Russia's tumultuous business and political dealings these days don't make the job of Dmitry Peskov, first deputy press secretary to Russian president Vladimir Putin, particularly easy.
On a recent tour of the US and UK with other officials to promote Russia's recently ended year-long G8 presidency, Peskov told PRWeek that "distractions" such as the mysterious polonium 210 poisoning of ex-KGB agent Alexander Litvinenko certainly draw a lot of attention away from other issues the Russian government is eager to discuss with the West.
"We all understand that very frequently what is being planned is affected by current or de facto information or situations," he admits. "Of course it makes our job harder in communicating globally, but that's inevitable."
Despite lingering stereotypes of Cold War Russia, Peskov says his office successfully communicates with the world at large on a variety of issues, including the very crucial one of oil and natural gas production and distribution.
A graduate of Moscow State University's Institute for Asia and Africa, Peskov began work in the Soviet Foreign Ministry in 1989, so he appreciates how Russia's government's has become more open since the Soviet Union fell. For the most part, he says, the Kremlin has made great strides in being more open about its dealings, though changing such a bureaucratic culture doesn't happen immediately.
"You can't just issue a decree that from now on we'll be transparent with communications," he says of the officials working within the Russian government's many different ministries. "It takes time."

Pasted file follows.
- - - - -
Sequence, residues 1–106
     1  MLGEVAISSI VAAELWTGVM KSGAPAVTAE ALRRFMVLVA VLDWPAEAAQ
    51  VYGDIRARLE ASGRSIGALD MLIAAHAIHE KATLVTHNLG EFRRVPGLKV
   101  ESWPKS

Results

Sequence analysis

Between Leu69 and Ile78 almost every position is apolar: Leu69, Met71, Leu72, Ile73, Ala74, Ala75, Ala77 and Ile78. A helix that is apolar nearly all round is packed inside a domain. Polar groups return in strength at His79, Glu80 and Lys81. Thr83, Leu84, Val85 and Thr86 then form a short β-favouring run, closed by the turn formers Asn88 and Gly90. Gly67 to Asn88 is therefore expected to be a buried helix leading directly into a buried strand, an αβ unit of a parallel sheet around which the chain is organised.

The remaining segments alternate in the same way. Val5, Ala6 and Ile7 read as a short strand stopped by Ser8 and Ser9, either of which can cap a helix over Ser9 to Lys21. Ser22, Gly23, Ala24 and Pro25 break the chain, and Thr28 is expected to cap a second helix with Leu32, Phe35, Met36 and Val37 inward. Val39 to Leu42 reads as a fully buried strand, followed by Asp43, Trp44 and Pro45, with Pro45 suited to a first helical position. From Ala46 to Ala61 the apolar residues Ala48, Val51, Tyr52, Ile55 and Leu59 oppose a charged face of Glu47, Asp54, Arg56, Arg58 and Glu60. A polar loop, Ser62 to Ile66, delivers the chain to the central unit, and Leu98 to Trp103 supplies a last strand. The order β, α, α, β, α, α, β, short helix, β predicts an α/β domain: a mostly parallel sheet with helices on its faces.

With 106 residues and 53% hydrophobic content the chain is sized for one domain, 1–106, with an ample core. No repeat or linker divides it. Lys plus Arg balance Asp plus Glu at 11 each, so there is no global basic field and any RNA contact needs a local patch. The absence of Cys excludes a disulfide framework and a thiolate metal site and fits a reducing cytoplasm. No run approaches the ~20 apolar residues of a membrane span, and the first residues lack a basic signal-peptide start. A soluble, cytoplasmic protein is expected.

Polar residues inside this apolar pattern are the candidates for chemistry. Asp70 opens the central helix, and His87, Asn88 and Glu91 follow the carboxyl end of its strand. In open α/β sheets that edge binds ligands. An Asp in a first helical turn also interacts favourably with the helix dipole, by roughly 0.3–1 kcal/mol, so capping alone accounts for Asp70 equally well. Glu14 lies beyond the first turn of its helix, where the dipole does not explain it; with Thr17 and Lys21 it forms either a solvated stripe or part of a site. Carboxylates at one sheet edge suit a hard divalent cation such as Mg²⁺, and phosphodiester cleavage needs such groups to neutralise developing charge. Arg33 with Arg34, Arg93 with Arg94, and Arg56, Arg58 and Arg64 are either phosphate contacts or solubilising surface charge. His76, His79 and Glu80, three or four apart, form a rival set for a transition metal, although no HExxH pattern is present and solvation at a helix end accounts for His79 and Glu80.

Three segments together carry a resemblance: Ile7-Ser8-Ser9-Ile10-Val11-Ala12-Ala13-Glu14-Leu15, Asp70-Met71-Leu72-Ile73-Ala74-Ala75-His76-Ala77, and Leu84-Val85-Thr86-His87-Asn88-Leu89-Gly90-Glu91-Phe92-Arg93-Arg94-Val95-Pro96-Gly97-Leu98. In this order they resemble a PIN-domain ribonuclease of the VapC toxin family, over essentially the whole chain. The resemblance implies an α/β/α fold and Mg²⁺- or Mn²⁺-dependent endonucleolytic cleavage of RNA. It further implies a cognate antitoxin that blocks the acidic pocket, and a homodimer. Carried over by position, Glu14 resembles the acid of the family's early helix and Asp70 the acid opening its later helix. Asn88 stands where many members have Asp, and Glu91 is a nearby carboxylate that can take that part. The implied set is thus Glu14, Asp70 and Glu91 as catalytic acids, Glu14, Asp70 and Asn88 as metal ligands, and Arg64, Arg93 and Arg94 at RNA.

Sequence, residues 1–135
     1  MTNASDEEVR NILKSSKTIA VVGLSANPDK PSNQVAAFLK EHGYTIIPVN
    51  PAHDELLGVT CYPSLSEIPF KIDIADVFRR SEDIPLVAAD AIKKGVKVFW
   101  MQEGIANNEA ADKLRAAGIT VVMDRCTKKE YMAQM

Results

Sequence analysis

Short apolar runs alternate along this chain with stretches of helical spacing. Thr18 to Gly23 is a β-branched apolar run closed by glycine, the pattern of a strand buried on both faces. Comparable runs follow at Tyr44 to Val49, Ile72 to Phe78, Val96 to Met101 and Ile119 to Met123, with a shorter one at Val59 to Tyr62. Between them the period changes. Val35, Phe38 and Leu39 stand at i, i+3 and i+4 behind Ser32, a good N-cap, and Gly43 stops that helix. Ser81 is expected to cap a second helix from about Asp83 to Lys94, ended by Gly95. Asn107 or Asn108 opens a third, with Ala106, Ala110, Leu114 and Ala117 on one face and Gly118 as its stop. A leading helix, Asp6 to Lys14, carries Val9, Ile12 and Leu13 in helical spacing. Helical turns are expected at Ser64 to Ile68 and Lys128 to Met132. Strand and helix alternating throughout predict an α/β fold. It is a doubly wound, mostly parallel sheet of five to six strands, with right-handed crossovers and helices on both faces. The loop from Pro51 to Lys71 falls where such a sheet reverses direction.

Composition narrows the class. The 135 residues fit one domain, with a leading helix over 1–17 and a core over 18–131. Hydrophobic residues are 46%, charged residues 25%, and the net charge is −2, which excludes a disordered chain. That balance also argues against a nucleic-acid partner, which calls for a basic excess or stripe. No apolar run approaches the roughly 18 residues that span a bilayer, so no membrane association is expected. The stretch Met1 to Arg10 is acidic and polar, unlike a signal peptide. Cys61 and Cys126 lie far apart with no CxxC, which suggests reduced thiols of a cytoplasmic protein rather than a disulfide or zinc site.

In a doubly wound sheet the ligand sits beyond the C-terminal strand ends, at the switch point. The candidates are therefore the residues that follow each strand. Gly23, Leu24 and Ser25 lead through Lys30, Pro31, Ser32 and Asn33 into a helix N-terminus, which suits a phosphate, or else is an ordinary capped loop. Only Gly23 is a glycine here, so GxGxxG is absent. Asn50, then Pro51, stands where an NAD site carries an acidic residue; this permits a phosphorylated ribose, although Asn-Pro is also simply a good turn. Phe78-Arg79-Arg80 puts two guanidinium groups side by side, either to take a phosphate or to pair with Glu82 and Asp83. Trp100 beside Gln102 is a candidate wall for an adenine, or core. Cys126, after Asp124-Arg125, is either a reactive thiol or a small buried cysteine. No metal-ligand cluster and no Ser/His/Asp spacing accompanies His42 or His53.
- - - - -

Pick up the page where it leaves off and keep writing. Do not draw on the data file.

But what of criticism that the Russian government has clamped down on press freedom? The government controls two major national TV channels, but Peskov says there are many regional TV stations that are independent, as are thousands of national and regional print titles. He adds that the idea that government could somehow control all of them is absurd.
"Sometimes governors in certain Russian regions are trying to influence local press, to limit their capability for criticism," he says. "When we receive information about such situations, we do whatever is possible to get press free of those local authorities. But Russia is a huge country, don't forget."
But Dr. Richard Weitz, a senior fellow at the DC-based Hudson Institute public policy group, questions some of Peskov's assertions. He says the influence of smaller titles or regional TV stations does not match that of major Russian-control state media. He also notes that the government seems to be cracking down on Web use, under the guise of preventing terrorism.
As for the notion of Soviet-era bureaucracies needing time to adjust to Western notions of transparency, Weitz notes that the Mikhail Gorbachev era of glasnost began more than 20 years ago. "I'd be surprised if you have government officials now who are used to just giving orders and not having to explain themselves," he says.
Weitz agrees that some aspects of Russia's international dealings are not as nefarious as some critics claim. In fact, the nuances of the dispute between state-run Gazprom and the Ukraine last year over natural gas subsidies - a situation recently mirrored in dealings between Russia and Belarus - helped persuade Russian officials in charge of the committee overseeing the G8 presidency of the value of using Western PR firms.
"We simply understood at that moment that our argumentation was not being heard," Peskov says.
Thus, Ketchum was hired to help handle media relations for Russia's G8 presidency, though Peskov stresses that the firm was never expected to "spin" the reality. "We were told very openly," he recalls, "'We're not going to work instead of you. You [will] and we will assist you in communicating.'"
First deputy press secretary for President Vladimir Putin
Section head for media relations, Russian presidential press office
Second secretary, then first secretary at Russian embassy in Ankara, Turkey